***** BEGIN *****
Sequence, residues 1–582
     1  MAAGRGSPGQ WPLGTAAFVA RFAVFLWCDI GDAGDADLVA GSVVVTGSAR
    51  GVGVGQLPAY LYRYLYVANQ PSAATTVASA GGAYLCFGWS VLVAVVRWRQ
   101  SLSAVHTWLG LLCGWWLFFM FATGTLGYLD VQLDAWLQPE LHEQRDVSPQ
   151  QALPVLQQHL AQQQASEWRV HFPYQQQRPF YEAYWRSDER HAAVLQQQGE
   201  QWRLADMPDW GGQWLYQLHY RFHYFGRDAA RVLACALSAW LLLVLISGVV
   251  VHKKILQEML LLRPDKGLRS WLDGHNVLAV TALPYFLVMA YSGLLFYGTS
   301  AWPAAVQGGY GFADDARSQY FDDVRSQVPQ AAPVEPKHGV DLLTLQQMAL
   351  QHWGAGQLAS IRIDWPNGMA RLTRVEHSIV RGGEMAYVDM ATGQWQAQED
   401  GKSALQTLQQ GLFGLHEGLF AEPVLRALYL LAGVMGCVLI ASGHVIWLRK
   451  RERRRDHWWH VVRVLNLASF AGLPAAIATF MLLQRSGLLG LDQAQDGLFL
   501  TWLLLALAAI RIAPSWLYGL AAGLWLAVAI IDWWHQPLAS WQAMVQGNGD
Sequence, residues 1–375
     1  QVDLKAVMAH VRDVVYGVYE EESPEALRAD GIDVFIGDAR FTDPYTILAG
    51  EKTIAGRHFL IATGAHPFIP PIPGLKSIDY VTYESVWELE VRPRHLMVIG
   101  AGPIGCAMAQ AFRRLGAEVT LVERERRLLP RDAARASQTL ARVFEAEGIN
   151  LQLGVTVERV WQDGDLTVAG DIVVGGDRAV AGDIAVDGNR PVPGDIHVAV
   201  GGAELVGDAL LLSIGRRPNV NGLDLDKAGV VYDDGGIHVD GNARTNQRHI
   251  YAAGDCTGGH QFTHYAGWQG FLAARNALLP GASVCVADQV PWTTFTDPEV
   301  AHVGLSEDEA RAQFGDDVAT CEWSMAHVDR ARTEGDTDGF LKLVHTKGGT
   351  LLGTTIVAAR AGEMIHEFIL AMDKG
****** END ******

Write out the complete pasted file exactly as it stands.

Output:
Sequence, residues 1–582
     1  MAAGRGSPGQ WPLGTAAFVA RFAVFLWCDI GDAGDADLVA GSVVVTGSAR
    51  GVGVGQLPAY LYRYLYVANQ PSAATTVASA GGAYLCFGWS VLVAVVRWRQ
   101  SLSAVHTWLG LLCGWWLFFM FATGTLGYLD VQLDAWLQPE LHEQRDVSPQ
   151  QALPVLQQHL AQQQASEWRV HFPYQQQRPF YEAYWRSDER HAAVLQQQGE
   201  QWRLADMPDW GGQWLYQLHY RFHYFGRDAA RVLACALSAW LLLVLISGVV
   251  VHKKILQEML LLRPDKGLRS WLDGHNVLAV TALPYFLVMA YSGLLFYGTS
   301  AWPAAVQGGY GFADDARSQY FDDVRSQVPQ AAPVEPKHGV DLLTLQQMAL
   351  QHWGAGQLAS IRIDWPNGMA RLTRVEHSIV RGGEMAYVDM ATGQWQAQED
   401  GKSALQTLQQ GLFGLHEGLF AEPVLRALYL LAGVMGCVLI ASGHVIWLRK
   451  RERRRDHWWH VVRVLNLASF AGLPAAIATF MLLQRSGLLG LDQAQDGLFL
   501  TWLLLALAAI RIAPSWLYGL AAGLWLAVAI IDWWHQPLAS WQAMVQGNGD
Sequence, residues 1–375
     1  QVDLKAVMAH VRDVVYGVYE EESPEALRAD GIDVFIGDAR FTDPYTILAG
    51  EKTIAGRHFL IATGAHPFIP PIPGLKSIDY VTYESVWELE VRPRHLMVIG
   101  AGPIGCAMAQ AFRRLGAEVT LVERERRLLP RDAARASQTL ARVFEAEGIN
   151  LQLGVTVERV WQDGDLTVAG DIVVGGDRAV AGDIAVDGNR PVPGDIHVAV
   201  GGAELVGDAL LLSIGRRPNV NGLDLDKAGV VYDDGGIHVD GNARTNQRHI
   251  YAAGDCTGGH QFTHYAGWQG FLAARNALLP GASVCVADQV PWTTFTDPEV
   301  AHVGLSEDEA RAQFGDDVAT CEWSMAHVDR ARTEGDTDGF LKLVHTKGGT
   351  LLGTTIVAAR AGEMIHEFIL AMDKG